European birthwort/wikipedia
The name Aristolochia comes from the Greek word aristos which means best and lochia which means birth. The plant was known in the classical antiquity to start births . The Danish name slangerod refers to its use against snake bites.

Folk Medicine 
Birthwort was used in a decoct which was drunk as a sweat- and diuretic means; a decoct was also drunk against against jaundice and leaves and roots for healing wounds. The plant contains a substance which activated the white blood cells.  The root was stuck in the abdomen to promote birth.


Because of similarity to slangeurt (Polygonum bistorta) and corydalis (lærkespore) it is in early literature difficult to identify the botanic species.


Kloster garden(/ photo: GB
Harpestræng ab. 1300:
The physicians often distinguished between the drugs Aristolochia longa (DK: lang hulurt) and Aristolochia rotunda ( DK: rund hulurt) and Aristolochia clematitis (European birthwort/hjertebladet slangerod.)
A. rotunda: to drink with wine after poisonous bite; it drives out the afterbirth; to drink with water for cough; crushed as a cover on gouts; mixed with honey as a wound healing cover; to drink for fever; used as a smoking against insanity.

Christiern Pedersen 1533:
crushed plant to drink with wine or beer for breast pain; vinegar decoct as a cover for stomach pain; crushed root with wine or beer against malaria , to drink with wine after snake bite.
Henrik Smid 1546:
cooked with myrrha and pepper in wine for drink to drive out the afterbirth and all filthiness; wine decoct cleans and heals all internal wounds and broken lungs, liver and uterus; fresh crushed root used as cover drives out thorns, arrows etc. from wounds and heals it. A. rotunda to drink with wine against the plague, drives out sweat and urine and counteracts jaundice; crushed seeds with a drink against diarrhea.  Barbers used the root to heal and dry all runny wounds.
Simon Paulli 1648:
root to make the flesh grow after abscesses; the root is good for itching and scabies; decoct of leaves and roots for bathing mange and wounds on hands and feet. Some say the leaves should be smoked under newborn babies if they looked fragile and sick.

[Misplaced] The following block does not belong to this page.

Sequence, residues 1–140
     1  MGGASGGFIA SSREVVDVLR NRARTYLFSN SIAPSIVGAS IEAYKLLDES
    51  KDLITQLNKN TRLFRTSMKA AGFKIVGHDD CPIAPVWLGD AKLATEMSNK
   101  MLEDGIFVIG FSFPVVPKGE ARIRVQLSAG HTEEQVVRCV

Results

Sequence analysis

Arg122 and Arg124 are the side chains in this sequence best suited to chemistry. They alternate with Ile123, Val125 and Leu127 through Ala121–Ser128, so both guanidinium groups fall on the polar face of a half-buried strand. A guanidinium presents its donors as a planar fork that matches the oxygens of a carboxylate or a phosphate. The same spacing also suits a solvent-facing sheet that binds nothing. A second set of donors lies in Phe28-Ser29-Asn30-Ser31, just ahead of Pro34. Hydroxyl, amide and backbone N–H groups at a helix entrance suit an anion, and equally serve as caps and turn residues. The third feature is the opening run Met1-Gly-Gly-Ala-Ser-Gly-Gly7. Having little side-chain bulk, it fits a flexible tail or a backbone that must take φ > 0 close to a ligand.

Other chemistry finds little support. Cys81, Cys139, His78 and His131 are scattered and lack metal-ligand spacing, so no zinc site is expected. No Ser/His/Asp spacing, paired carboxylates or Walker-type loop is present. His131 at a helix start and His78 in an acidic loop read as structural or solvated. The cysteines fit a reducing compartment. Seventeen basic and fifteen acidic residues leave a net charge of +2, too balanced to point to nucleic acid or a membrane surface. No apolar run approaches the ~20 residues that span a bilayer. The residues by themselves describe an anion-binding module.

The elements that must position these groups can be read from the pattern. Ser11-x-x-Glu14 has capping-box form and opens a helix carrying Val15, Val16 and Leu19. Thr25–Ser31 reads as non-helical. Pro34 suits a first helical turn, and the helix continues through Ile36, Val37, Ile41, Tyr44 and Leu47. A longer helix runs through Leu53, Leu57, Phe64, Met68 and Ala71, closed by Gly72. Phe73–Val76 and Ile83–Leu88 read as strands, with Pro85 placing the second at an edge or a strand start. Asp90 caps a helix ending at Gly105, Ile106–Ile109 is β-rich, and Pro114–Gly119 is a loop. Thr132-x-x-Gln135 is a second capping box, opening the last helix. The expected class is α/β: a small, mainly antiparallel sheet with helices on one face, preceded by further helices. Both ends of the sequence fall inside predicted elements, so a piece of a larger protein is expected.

The rootstock of Aristolochia longa and Aristolochia rotunda were written into the Pharmacopoeia in 1772. 

Livestock: the plant was also used in diseases of the livestock: cattle, horse, swine, sheep and poultry.

Superstition 
The plant was revered by ancient healing book- authors who recommended it against snake bites.  Having a root in the pocket as an amulet against toothache.



European Birthwort/ wikipedia
Poisonous Plant:
It was formerly used as a medicinal plant, though it is poisonous , and is now occasionally found established outside of its native range as a relic of cultivation. It is now thought to be the cause of thousands of kidney failures in Romania, Bulgaria, Serbia, Bosnia and Herzegovina and Croatia where the plant is thought to be unintentionally consumed through contaminated flour. Urinary tract malignacies among those who have consumed the plant are also reported. The link between renal failure and aristolochid acid, which the plant contains, was discovered after a clinic for obesity in Belgium, some of the patients experienced kidney failure.




NB:
Because of its toxicity it must be warned to use the plant or parts of it as a natural medicine.

All parts of the plant are considered carcinogenic (kræftfremkaldende) and kidney damaging. 



Source:
Danske Klosterurter, Anemette Olesen, Aschehoug 2001. 
Brøndegaard, Dansk Etnobotanik, Folk og flora, bd. 3, 1978-80.




Tuesday, September 12, 2017

Friday, September 08, 2017

Anna Pavlova - a legendary Ballerina


Anna Pavlovna (Matveyevna) Pavlova was a Russian prima ballerina and the first ballerina to tour ballet around the world. She was born on February 12, 1881 in Saint Petersburg to a single mother. Anna's mother married when Anna was three years old, and her stepfather Matvey Pavlov adopted her and gave her his surname. Her mother took her to the theater to see the ballet "The Sleeping Beauty" and Anna never forgot. She wanted to be a ballerina and came on audition for the Imperial Ballet School, where she was accepted at age 10 in 1891. Her training years were difficult, but she did not give up the training in order to improve her technique. She took lessons from the best teachers. In 1898 was her final year at the Imperial Ballet School and she performed many roles with the principal company. She graduated in 1899 at age 18 and made her official debut. Her performance drew praise from the ctitics.